“Meiji came to us because unpredictable weather patterns – including heavy rainfall – have disrupted cacao cultivation, leading to a consecutive year of supply shortages,” California Cultured’s head of strategy Steve Stearns told Green Queen. “This scarcity has driven futures prices to unprecedented levels, reflecting the strain on supply and demand dynamics within the chocolate industry.”

Perlstein added: “We need to build a resilient, superior future for chocolate. This partnership is the first step in achieving this.”

Seeking regulatory approval for a targeted late 2024 launch

california cultured meiji
The company’s Flavanol Cocoa Powder; courtesy: California Cultured

California Cultured, which raised $4M in a funding round in 2021, is targeting products in the nutraceutical, chocolate, and better-for-you snacks markets with the Meiji deal. “Meiji’s collaboration with California Cultured involves the seamless integration of the startup’s cocoa powder, cultivated from cells rather than traditional cocoa beans, into an array of confectionery and wellness products tailored for both the US and Japanese markets,” explained Stearns.

“This comprehensive product line encompasses chocolates, truffles, and wellness-enhancing chocolate products designed for consumer use,” he added. The company is building its manufacturing both internally and externally based on proprietary tech developed in-house.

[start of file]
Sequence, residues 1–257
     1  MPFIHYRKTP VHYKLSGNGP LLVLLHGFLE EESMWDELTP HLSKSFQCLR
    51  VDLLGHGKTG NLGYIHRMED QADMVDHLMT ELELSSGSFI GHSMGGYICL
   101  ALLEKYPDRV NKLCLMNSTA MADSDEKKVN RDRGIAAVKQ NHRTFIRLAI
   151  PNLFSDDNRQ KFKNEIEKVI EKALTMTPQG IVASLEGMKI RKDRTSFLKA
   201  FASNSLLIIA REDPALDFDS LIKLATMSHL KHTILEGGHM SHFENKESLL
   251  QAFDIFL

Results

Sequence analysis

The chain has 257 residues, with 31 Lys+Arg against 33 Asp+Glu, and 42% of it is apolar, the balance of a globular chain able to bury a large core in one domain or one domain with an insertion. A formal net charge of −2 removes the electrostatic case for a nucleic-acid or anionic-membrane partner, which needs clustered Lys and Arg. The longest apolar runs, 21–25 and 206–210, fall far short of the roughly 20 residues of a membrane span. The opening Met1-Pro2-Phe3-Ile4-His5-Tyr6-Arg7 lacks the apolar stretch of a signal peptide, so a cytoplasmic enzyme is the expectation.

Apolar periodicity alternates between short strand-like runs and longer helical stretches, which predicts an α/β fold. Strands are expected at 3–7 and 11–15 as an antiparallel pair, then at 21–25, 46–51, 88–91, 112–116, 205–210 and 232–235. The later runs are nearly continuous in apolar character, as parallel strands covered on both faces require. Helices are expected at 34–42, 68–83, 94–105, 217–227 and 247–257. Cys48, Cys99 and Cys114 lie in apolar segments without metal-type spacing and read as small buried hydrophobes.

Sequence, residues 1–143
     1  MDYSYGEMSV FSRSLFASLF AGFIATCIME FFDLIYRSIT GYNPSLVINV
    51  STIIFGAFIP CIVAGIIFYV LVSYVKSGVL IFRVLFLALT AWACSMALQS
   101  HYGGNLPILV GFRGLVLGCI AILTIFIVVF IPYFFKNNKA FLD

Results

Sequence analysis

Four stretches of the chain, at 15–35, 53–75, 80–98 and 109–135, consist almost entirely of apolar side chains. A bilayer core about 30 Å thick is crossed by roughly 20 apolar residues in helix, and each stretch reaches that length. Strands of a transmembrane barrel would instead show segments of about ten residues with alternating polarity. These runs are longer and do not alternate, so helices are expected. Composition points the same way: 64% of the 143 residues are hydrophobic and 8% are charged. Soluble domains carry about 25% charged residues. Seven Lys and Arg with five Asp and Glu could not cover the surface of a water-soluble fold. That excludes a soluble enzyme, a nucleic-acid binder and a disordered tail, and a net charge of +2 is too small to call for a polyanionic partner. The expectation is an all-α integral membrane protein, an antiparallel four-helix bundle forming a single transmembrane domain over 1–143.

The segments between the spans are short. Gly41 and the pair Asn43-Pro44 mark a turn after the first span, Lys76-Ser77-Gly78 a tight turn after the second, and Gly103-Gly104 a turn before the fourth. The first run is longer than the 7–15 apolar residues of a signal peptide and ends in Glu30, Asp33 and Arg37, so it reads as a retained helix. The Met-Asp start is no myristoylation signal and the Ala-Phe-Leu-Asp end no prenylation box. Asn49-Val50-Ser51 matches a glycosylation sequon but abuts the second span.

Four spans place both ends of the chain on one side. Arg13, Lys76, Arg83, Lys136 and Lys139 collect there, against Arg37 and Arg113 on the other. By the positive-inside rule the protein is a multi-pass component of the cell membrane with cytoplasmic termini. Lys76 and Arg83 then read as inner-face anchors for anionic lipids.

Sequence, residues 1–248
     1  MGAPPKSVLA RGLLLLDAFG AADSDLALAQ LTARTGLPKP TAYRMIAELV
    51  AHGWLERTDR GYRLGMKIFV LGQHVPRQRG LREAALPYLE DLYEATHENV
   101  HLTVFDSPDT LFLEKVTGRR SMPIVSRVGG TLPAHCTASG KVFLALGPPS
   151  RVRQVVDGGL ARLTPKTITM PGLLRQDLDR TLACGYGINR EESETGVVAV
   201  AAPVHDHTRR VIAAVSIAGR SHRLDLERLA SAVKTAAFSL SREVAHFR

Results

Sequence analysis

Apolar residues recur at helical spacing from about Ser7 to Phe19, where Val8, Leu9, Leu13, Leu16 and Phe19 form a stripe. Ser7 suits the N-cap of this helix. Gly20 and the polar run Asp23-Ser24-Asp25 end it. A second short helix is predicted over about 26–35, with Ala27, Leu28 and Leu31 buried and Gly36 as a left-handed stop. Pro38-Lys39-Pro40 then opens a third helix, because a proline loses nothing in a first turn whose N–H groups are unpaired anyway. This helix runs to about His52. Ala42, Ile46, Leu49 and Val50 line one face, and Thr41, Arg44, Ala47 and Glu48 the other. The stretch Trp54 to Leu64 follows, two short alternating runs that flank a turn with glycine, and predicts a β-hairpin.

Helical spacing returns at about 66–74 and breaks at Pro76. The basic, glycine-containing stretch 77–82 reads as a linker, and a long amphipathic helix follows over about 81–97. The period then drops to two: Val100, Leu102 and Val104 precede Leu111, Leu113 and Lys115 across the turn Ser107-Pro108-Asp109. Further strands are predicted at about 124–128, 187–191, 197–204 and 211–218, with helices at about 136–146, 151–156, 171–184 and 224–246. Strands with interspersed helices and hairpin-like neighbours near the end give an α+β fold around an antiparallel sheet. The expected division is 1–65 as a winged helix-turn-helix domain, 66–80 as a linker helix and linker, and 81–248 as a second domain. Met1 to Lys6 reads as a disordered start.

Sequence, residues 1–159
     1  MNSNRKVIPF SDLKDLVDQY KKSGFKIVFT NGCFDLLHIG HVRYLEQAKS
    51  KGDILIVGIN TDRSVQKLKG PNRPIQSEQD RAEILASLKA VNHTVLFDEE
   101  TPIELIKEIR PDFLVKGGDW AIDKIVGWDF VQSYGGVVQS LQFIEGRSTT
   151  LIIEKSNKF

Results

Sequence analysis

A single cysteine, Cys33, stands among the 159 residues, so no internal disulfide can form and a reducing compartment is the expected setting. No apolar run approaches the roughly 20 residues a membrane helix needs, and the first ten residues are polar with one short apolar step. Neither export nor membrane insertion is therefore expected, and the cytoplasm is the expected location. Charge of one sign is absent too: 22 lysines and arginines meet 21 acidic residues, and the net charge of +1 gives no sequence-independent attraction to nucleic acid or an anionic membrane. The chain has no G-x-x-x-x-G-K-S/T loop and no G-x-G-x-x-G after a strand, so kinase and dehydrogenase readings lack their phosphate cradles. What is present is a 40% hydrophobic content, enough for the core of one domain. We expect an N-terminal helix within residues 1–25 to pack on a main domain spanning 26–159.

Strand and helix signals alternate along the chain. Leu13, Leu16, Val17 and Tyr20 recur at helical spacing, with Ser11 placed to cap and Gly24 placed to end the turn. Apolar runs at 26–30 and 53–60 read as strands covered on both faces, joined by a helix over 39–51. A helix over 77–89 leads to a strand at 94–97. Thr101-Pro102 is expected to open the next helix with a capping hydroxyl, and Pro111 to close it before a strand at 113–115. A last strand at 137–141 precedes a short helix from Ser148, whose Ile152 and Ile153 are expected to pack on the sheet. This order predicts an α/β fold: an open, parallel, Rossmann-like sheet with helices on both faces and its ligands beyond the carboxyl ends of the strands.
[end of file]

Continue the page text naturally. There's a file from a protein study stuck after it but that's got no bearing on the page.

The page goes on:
In terms of price, Stearn revealed that the first products with Meiji will be “very competitive with high-value nutritional products on the market” in the aforementioned categories. “Gaining traction with customers like Meiji will help us bring down our operating costs rapidly,” he added. The company later plans to release chocolate callets as part of the Meiji collaboration too.

Cellular agriculture versus fermented plants

As a cellular agriculture company, it will also need approval from food safety regulators in the countries it plans to sell in. California Cultured has already begun the process to earn a GRAS (Generally Recognized as Safe) certification from the US FDA, and Stearn confirmed that the producers expect to release the Flavanol Cocoa Powder – a food that has been found to reduce the risk of major cardiovascular disease by 16% and cardiovascular deaths by 27% – in the country in late 2024.

There has been a deluge of activity in the sustainable chocolate space recently, with many companies focusing on alternatives to cocoa and chocolate – much like plant-based analogues to meat or dairy. These include Planet A Foods (ChoViva), Voyage Foods, Foreverland and WNWN Food Labs. “Alternative chocolate companies are using alternatives like shea butter and carob, which gives a waxy undesirable texture,” said Stearn. “During chocolate’s history, consumers have rejected carob chocolate on several occasions.”

He added: “California Cultured is producing real chocolate and cocoa, which gives us a distinct advantage in taste and texture. From a marketing perspective, these products can not be labelled chocolate, which can harm customer acceptance.”

It will be interesting to see how consumers perceive cell-based products like California Cultured’s cocoa flavanol.


  • Anay Mridul

    Anay is Green Queen's resident news reporter. Originally from India, he worked as a vegan food writer and editor in London, and is now travelling and reporting from across Asia. He's passionate about coffee, plant-based milk, cooking, eating, veganism, food tech, writing about all that, profiling people, and the Oxford comma.

You might also like